Local curlers represent Canada at Wheelchair mixed doubles tournament
By Pat Payton
STIRLING, Scotland – Representing Canada and curling in July in the birthplace of the sport.
That’s what Tony Reynen, of St. Marys, got to experience recently when he and playing partner Sarah Benevides, of Courtland, competed here in the First International Wheelchair Mixed Doubles Curling Tournament, with one male and one female on each team. They represented their country in the three-day, 10-country event July 5-7.
Reynen said he applied for the opportunity to curl in Scotland when it was offered. “There were other people on the list, but I don’t know how they made their selection. I guess we were lucky.”
In addition to the Canadian pair, other teams came from Slovakia, Russia, Estonia, Denmark, Finland, Sweden, England, Italy and host Scotland to compete. Finland finished first, Scotland second and Slovakia third. Reynen and Benevides placed seventh overall after playing a total of five games. The local curlers defeated teams from England and Italy, and lost to Russia, Sweden and Scotland.
“All of our games were really close,” Reynen told the Independent. “Most of these players from other countries are former and current national team curlers.” Reynen noted that he had met several of the curlers before, competing at events in places such as Ottawa, Utica, New York, and Cape Cod, Mass.
For the middle of the summer, Reynen said the ice at the PEAK Stirling Sports Village was excellent. “The ice was really good,” he reported. “They have an excellent facility there; it looks like it’s only a few years old. They leave their ice in all year round. Some of those countries do that.”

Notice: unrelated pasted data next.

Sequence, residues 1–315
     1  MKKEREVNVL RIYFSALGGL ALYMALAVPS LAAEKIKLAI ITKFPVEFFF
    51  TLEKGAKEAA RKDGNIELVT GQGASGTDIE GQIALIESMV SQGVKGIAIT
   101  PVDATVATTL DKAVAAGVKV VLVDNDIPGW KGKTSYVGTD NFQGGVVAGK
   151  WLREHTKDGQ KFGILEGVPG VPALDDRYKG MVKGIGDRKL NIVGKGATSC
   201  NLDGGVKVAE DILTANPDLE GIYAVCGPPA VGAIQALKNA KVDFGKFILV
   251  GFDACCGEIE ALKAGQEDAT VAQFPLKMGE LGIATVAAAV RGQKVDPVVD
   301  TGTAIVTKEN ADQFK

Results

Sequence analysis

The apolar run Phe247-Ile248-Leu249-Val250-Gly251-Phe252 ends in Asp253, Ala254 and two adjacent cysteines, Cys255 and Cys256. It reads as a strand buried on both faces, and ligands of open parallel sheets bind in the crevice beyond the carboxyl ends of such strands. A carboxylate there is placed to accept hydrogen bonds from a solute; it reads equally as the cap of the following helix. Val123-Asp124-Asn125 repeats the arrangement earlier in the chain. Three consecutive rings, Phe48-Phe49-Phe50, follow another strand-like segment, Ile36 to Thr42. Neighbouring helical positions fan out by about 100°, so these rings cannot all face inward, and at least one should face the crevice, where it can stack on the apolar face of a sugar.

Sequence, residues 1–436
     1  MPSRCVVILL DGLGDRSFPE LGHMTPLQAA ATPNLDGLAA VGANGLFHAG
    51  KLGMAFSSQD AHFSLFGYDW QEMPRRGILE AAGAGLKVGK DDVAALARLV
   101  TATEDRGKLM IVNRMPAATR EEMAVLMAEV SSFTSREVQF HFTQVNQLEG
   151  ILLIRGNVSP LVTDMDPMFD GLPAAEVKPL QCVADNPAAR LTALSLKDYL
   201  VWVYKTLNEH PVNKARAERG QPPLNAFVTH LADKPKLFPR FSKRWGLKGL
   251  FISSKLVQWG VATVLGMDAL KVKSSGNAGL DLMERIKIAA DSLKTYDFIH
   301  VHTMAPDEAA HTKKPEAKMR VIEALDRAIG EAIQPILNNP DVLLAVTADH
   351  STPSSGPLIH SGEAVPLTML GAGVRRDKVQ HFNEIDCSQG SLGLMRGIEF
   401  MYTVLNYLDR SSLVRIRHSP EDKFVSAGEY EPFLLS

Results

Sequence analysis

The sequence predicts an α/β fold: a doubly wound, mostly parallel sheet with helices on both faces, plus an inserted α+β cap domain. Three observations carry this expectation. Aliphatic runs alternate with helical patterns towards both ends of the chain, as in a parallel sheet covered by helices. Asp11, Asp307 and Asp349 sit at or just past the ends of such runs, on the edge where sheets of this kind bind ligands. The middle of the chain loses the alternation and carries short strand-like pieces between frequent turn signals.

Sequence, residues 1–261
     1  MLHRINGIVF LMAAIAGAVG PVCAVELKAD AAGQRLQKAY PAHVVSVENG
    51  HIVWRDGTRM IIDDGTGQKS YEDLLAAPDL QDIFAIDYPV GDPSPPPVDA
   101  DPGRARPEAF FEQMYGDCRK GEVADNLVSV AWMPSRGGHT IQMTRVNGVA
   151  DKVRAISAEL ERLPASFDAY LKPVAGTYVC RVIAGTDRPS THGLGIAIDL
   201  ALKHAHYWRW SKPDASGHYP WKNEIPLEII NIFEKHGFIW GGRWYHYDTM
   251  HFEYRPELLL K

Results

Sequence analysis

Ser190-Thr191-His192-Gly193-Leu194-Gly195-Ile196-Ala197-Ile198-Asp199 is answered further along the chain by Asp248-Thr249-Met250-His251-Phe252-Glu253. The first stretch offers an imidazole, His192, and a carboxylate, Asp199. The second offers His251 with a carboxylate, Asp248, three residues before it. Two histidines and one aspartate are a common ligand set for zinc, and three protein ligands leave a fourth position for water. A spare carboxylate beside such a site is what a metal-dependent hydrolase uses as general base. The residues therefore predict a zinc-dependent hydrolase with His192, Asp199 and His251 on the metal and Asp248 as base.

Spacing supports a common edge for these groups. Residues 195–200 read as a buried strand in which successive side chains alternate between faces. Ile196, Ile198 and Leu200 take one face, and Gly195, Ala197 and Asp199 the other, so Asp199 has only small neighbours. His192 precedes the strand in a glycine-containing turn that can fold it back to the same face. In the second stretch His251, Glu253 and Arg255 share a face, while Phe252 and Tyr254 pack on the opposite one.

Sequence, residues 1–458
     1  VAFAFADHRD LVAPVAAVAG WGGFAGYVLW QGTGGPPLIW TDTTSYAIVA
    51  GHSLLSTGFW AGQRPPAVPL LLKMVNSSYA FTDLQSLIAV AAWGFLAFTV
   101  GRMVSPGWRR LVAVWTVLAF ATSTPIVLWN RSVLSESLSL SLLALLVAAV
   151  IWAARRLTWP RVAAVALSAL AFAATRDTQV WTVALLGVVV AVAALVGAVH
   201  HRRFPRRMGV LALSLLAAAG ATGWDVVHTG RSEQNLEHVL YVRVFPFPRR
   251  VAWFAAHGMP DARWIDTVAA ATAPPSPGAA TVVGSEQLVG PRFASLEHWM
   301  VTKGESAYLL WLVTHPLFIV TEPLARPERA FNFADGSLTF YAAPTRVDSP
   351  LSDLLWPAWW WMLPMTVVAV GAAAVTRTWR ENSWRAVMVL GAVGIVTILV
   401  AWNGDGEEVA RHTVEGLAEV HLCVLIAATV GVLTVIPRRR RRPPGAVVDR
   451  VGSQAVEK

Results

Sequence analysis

Paralympic sport in the future?
The Russian coach organized the International event in Scotland, which was planned with hopes of making Wheelchair curling a Paralympic sport in the future.
“Pictures and videos from this ‘spiel, along with the players’ comments will complete the big presentation to be shown to World Curling Federation board of directors, and then hopefully presented at the World Curling Federation Congress in September for an application to have these games in the World Cup and Paralympics,” Reynen told the newspaper.
Reynen has been curling for about 10 years now. He and Benevides belong to the London Wheelchair curling group that plays out of Ilderton. Reynen also curls in St. Marys and Benevides in Tillsonburg. Reynen and Benevides have also curled in bonspiels at the St. Marys Curling Club.
–Stirling is located just north of Edinburgh.
–Tony Reynen related an interesting story about a member of the Scottish doubles team. Aileen Neilson’s grandfather was a member of the 1959 team from Scotland that played Canada for the Scotch Cup. It was apparently the first-ever curling competition between the two countries. The event was held in Scotland and a curling team from Regina, Sask. won 5-0.
–Reynen’s wife Dawn also went on the nine-day trip to Scotland. They returned home last Thursday after four days of sight-seeing, which included visiting the Isle of Skye.
–The 2019 World Wheelchair curling championships were held in Stirling last March.